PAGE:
Forty dead swans, two black-headed gulls and one heron have been found dead on the River Stour in the last 10 days.

The number has jumped significantly from last Wednesday, when 15 swans were discovered in the waterway close to Sudbury.

The Sudbury Common Lands Charity said it suspects bird flu is behind the deaths.

The Department for Environment, Food and Rural Affairs (Defra) is carrying out testing on the animals to determine the cause.

"We're deeply concerned," said Ross Bentley, a trustee at the Sudbury Common Lands Charity.

"In the summer, we normally have around 60 swans in this area and, as the winter months approach, 100.

"So this is affecting large a portion of the population.

"With the rate at which they are dying and the symptoms they are displaying, we believe it is bird flu.

"We have informed Defra, but they are yet to respond. So we can't confirm that at this time."

Of the 40 swans, 37 have been recovered so far.

Many of the animals have been found at Brundon Lane mill pond - a hot-spot for dog-walkers.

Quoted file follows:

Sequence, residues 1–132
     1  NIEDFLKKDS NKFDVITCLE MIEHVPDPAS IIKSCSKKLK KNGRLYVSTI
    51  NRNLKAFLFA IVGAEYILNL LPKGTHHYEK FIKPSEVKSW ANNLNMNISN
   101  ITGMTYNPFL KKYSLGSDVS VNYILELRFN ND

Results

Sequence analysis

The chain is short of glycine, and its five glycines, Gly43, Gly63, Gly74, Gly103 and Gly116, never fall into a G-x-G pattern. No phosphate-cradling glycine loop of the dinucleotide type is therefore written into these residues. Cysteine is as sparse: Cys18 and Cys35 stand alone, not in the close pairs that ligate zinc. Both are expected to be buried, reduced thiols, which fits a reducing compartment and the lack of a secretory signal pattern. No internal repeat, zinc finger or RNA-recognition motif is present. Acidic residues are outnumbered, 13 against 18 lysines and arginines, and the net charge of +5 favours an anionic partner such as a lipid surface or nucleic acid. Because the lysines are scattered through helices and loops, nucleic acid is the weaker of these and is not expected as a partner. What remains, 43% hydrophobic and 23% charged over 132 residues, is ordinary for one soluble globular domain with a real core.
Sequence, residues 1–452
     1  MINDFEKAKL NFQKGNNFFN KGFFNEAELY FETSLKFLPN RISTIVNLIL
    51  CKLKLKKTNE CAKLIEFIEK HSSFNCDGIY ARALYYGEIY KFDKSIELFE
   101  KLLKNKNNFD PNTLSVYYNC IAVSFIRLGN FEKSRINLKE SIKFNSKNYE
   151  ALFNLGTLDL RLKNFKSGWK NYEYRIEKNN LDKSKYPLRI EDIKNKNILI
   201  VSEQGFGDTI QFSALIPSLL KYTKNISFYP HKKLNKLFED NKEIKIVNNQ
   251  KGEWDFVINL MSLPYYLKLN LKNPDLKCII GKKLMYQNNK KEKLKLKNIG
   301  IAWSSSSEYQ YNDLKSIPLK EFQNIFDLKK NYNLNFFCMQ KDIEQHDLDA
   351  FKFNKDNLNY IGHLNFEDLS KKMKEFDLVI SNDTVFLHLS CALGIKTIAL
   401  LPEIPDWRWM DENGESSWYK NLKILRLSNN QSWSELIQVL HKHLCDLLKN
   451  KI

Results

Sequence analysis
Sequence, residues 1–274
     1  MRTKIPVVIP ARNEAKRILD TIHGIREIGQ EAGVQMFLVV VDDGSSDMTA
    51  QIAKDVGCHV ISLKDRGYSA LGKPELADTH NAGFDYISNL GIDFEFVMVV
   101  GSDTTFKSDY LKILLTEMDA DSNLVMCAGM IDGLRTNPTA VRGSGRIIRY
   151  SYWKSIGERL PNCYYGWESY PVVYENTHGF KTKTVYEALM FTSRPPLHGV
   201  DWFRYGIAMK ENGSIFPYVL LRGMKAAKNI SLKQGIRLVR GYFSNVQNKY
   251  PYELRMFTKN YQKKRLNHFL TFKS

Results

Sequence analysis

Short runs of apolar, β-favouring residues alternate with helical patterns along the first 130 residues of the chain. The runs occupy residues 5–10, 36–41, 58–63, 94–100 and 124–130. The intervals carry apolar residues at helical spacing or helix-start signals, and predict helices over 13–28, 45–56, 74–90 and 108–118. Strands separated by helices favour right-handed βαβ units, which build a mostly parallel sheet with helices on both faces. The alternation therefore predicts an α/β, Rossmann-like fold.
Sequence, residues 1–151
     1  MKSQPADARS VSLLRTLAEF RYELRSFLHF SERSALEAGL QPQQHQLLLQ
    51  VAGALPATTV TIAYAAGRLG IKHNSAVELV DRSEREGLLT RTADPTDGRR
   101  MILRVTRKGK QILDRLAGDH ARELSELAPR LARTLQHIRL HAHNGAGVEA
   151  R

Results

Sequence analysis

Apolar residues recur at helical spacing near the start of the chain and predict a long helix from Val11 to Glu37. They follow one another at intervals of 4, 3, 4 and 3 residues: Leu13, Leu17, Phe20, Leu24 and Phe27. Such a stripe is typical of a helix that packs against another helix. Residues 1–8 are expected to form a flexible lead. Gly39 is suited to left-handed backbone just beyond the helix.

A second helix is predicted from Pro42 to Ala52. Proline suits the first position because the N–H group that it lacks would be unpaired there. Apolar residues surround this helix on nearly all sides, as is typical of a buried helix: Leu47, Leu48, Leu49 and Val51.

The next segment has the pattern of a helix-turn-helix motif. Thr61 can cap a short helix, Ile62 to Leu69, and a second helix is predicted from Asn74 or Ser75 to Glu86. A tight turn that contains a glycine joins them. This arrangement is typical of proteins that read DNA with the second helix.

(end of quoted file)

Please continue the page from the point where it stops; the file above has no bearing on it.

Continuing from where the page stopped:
Defra has issued the following advice to residents:

  • Stick to footpaths;
  • Keep dogs on leads;
  • Do not touch dead or sick birds;
  • Do not touch surfaces contaminated by droppings;
  • If you keep poultry, wash your hands and disinfect your footwear before tending to your birds;
  • Please report dead birds to Defra.

"Swans are very much a part of our local landscape and they're a well-known attraction for the area," said Mr Bentley.

"So this is a very challenging time for us all - particularly our rangers."

The news follows a series of bird flu outbreaks across Suffolk and wider East Anglia.

Defra has said wild birds are susceptible to a range of diseases and injuries and that not all of those found dead will have been infected with bird flu.

However, members of the public should call the Defra helpline (03459 33 55 77) if they find one or more dead bird of prey or owl, three or more dead gulls or wild waterfowl (swans, geese and ducks) or five or more dead birds of any species.

Although bird flu is potentially devastating to commercial poultry and wild bird flocks, Public Health England (PHE) advises that the risk to public health from the virus is very low and the Food Standards Agency advises that avian influenzas pose a very low food safety risk for UK consumers.